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Friday, December 7, 2012

Pollinator Condo Open to Invertebrate Residences



FOR IMMEDIATE RELEASE

Gardener provides homes for native bees, beetles and beneficial insects in new condo.

Nashville, TN~December 7, 2012 Local wildlife gardener Gail Eichelberger has built a pollinator condo, named Pollinator Tower, for native Carpenter Bees, small bees, beetles and even a few beneficial insects.

When asked if this kind of artificial habitat will be attractive, she said, "Pollinators are rather picky when it comes to where they nest and rear their young, rooms have been constructed to appeal to a wide range of residents." 

Apartments/rooms will have small and large pre-drilled holes, pithy stems preferred by small carpenter bees and straws and hollow bamboo for mason bees. In addition, there's unpainted wood for Carpenter Bees, logs with loose bark for beetles, twigs, bark, leaves, lichen and even stacked roof shingles for critters like Lady Bugs seeking shelter. 

Pollinator Tower is open, but, construction is continuing on the rooms through the winter. She expects the majority of residents to begin moving in next Spring. "When solitary bees emerge from their winter homes in the spring they'll be looking for accommodations to rear their young. I'm hoping that the Tower's sunny location and close proximity to a wildflower garden will appeal to them and the many varieties of native pollinators." 

Historically, insect condominiums have been popular in Europe where deforestation has led to a decline in natural habitats. Here in the states it's not unusual to find them at botanical gardens or zoos where they are important educational tools. Gail believes that providing a habitat for native bees and other pollinators is necessary for urban and suburban gardeners who want to have success with growing vegetables, fruit or flowers. "When you consider that many of these gardens are set in a landscape devoid of a natural habitat it has become essential to provide artificial ones. I hope Pollinator Tower is an inspiration to others. They are easy to build, require minimal expense, use recycled materials and are fun to design and decorate."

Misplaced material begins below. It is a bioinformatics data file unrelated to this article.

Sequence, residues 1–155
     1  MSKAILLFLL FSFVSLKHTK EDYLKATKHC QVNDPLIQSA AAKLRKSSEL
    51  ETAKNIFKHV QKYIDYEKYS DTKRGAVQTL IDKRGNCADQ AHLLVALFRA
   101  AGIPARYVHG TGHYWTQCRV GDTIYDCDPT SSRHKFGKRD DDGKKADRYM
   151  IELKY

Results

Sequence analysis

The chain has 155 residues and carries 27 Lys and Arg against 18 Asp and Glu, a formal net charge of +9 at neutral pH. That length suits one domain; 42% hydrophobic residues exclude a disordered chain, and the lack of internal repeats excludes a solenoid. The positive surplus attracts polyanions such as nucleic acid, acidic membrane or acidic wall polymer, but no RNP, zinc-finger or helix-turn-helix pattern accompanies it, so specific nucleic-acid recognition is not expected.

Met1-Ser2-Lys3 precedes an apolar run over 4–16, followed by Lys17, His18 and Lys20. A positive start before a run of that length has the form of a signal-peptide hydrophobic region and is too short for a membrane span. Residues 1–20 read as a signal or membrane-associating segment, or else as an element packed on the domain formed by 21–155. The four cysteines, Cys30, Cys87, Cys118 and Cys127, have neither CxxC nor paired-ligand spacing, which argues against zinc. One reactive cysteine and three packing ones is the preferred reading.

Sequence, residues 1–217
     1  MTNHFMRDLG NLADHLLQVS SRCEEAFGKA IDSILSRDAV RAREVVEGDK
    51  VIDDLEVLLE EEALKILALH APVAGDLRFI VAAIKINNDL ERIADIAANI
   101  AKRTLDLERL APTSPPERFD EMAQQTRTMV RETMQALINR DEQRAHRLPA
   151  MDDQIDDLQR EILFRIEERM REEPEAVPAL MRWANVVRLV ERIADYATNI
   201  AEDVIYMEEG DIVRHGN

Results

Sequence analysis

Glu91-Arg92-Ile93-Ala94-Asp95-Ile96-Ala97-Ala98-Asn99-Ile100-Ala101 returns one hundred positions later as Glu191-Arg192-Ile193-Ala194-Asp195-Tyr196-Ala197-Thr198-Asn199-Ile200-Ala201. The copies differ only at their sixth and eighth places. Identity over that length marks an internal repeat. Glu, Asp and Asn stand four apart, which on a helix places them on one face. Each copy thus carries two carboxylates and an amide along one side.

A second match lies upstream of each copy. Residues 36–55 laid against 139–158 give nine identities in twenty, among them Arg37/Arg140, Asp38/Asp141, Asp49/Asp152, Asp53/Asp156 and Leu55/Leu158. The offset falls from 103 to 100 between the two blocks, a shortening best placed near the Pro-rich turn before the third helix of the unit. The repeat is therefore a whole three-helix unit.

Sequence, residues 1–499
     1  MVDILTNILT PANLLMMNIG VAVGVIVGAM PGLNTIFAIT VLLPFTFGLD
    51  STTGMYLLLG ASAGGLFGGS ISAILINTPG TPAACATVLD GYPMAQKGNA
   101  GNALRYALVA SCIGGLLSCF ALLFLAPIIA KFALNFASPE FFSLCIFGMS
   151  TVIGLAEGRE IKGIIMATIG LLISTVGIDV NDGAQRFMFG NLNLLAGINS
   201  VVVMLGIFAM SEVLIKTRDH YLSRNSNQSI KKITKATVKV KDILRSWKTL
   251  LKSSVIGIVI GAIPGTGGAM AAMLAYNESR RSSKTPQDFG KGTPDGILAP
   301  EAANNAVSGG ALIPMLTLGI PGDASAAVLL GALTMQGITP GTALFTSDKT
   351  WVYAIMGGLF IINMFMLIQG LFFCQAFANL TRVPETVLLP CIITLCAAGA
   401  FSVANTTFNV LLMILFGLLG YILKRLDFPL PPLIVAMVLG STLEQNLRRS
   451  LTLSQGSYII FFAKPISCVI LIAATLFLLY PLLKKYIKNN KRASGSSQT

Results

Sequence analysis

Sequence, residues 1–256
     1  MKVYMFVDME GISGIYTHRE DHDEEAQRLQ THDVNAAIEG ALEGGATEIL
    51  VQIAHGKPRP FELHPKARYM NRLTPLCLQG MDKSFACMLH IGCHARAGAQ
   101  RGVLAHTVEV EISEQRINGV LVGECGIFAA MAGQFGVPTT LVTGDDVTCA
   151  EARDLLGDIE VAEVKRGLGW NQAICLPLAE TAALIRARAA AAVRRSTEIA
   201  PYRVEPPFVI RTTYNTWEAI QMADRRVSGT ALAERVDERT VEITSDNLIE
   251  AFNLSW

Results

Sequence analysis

The grand opening is Monday, December 10, 2012. Stop by Clay and Limestone.com when Gail will share the Tower's story, photos and details on materials and the building process.


*Bobbie Peachey clip art

Gail Eichelberger is a gardener and therapist in Middle Tennessee. She loves wildflowers and native plants and thoroughly enjoys writing about the ones she grows at Clay and Limestone. She reminds all that the words and images are the property of the author and cannot be used without written permission.

27 comments:

  1. How wonderful, dear Gail! It looks right at home in your garden, the new residence tower. May it be filled with happy pollinators soon!
    xoxoxo
    Frances

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    1. I do hope so Frances, It was a fun project and has inspired me to make smaller ones....and redo this part of the garden. xoxo...

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  2. Very nice! I have been thinking of building one for some time and have been looking for inspiration pieces and ideas! I hope the pollinators take up residence come spring!